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The Brilliant Path of Worldwide Kosen-rufu

Volume 17: Chapter Four—Green Fields

Chapter Summary

Illustration courtesy of Seikyo Press.

On June 5, shortly after returning from Europe, Shin’ichi Yamamoto visited Fukui Prefecture, which held a special place in his heart. It was an area wracked by disasters such as frequent earthquakes and typhoons, as well as having endured aerial bombardments during World War II.

At a prefecture leaders meeting, Shin’ichi firmly emphasized how reviving the land is driven by one’s courage and action, and that the time had come to carry out a “Fukui Renaissance.” He further encouraged the members to awaken to their mission as protagonists in ensuring the prosperity of their communities.

On June 7, Shin’ichi visited Gifu Prefecture to attend a prefecture leaders meeting as well as a culture festival. After watching an original play based on the Gujo Rebellion of 1754, in which the main character calls out, “As long as I have a drop of life left in me, I will keep fighting!” (The New Human Revolution, vol. 17, p. 304), Shin’ichi conveyed to the performers that this is the true Soka Gakkai spirit. He also visited the Gifu branch office of the Seikyo Shimbun, where he encouraged staff members and correspondents.

On June 10, Shin’ichi traveled to Ikaho, Gumma Prefecture, where he attended the Soka Gakkai Gumma Sports Meet, participated in a group photo session and encouraged Soka Gakkai members in the Gumma Symphony Orchestra. He expressed his hopes for Gumma Prefecture to lead the way for all other regions in Japan and to become a model of kosen-rufu.

On June 17, Shin’ichi visited Ibaraki Prefecture, then moved on to Hokkaido on the 25th. At a divisional representatives meeting, he proposed a new motto for the region: “Kosen-rufu starts from Hokkaido!” Shin’ichi’s unceasing efforts led to the unfolding of new verdant fields of kosen-rufu.

Unforgettable Scene

Illustration courtesy of Seikyo Press.

Develop the Wisdom to Lead Healthy Lives

In June 1973, during his visit to Gifu Prefecture, Shin’ichi Yamamoto stopped by the local branch of the Seikyo Shimbun to encourage the staff and reporters.

Shin’ichi knocked and opened the door. He discovered several young people hard at work. Some were laying out the paper’s pages, while others were writing articles.

Perhaps because they had been so busy with their journalistic tasks in preparing for the prefecture leaders meeting, they all appeared to be worn out. …

Shin’ichi said: “You have a lot of things you need to accomplish. But because time is limited, you end up cutting back on sleep. That is certainly part of being young, but if you ruin your health in the process, all your efforts will come to naught.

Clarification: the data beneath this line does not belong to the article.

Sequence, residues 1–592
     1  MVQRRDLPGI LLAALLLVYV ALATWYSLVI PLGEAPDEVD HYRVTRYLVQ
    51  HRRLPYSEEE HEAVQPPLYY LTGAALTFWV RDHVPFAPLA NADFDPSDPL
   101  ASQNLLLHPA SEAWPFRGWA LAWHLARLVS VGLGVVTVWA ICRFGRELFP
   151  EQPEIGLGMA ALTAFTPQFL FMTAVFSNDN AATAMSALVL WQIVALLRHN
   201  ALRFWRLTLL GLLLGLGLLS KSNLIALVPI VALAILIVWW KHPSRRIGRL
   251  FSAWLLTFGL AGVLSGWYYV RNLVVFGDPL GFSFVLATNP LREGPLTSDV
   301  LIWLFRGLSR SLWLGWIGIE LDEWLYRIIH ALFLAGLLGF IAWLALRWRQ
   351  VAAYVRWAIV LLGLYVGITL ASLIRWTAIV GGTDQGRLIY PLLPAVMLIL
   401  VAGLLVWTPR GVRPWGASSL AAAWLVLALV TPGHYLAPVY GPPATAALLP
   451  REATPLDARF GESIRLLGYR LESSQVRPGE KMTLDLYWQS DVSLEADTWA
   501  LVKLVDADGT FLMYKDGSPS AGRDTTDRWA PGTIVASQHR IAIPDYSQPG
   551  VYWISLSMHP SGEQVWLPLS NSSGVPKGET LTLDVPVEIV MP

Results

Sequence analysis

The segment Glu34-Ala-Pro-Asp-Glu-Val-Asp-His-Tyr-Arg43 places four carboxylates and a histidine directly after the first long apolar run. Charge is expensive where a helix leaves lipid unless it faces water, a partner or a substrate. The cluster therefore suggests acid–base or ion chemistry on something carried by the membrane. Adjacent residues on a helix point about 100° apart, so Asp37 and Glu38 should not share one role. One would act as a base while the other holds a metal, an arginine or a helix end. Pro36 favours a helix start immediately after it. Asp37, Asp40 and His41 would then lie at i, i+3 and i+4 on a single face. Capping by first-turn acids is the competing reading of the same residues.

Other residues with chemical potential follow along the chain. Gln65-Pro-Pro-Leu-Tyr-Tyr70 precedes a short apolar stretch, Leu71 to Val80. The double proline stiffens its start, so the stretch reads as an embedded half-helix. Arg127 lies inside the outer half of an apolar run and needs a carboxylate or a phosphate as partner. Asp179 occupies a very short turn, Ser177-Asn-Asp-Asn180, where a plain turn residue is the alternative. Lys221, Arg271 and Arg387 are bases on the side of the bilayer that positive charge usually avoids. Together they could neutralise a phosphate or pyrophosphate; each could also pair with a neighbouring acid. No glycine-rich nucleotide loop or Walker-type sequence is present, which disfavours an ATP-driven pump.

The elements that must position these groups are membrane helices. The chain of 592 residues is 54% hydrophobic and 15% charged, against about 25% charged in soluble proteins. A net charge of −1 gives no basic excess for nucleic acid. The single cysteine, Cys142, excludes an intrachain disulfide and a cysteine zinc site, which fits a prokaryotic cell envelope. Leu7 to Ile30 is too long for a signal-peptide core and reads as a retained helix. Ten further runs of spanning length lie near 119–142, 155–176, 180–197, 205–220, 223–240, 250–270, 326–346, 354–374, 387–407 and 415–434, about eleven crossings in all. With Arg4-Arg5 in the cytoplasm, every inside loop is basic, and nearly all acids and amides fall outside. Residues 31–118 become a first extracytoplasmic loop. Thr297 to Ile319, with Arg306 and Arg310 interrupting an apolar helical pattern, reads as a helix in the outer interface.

“Lack of sleep is the cause of illness and accidents. If you get sick or cause an accident, you hurt not only yourself but also your families and fellow members, as well as society as a whole. …

Shin’ichi looked at the young men. Some had doubtful expressions, as if to say, “We’re far too busy to get all the sleep we need.”

Shin’ichi smiled and continued: “How can you get enough sleep? That’s what you want to ask, right?”

They nodded.

“The key is to give your all to every moment and to work efficiently. Many people go about their days absentmindedly or working in a halfhearted manner. But it is better to live with the spirit that now may be the last moment of your life and consistently do your best to get things done as quickly as possible.

“The energy to live this way comes from chanting earnestly. Mornings are especially important. If your life condition is strong, you will take action that creates value and develop the wisdom to increase your efficiency.

“It also helps to avoid watching television into the late hours of the night or keeping late hours generally. …

“Buddhism is reason. A Buddhist practitioner cultivates self-discipline. You are responsible for looking after your own health. Please take care of yourselves so that you can throw yourselves wholeheartedly into fulfilling your personal mission.” (NHR-17, 316–18)

The chapter summaries were originally published in the March 4, 2020, Seikyo Shimbun, while “Unforgettable Scenes” were originally published in the March 12, 2020, issue.

Key Passage

Doubt is the source of fundamental delusion in life; it is what Buddhism calls fundamental darkness. It gives rise to anxiety and drags us into the depths of despair. Faith, meanwhile, is the struggle against the doubt that resides within our hearts. The power to win in that struggle comes from chanting Nam-myoho-renge-kyo. A true champion is therefore someone who puts prayer first. (NHR-17, 276)

Volume 17: Chapter Three—Citadel of the People

Excerpts From Nichiren’s Writings in Volume 17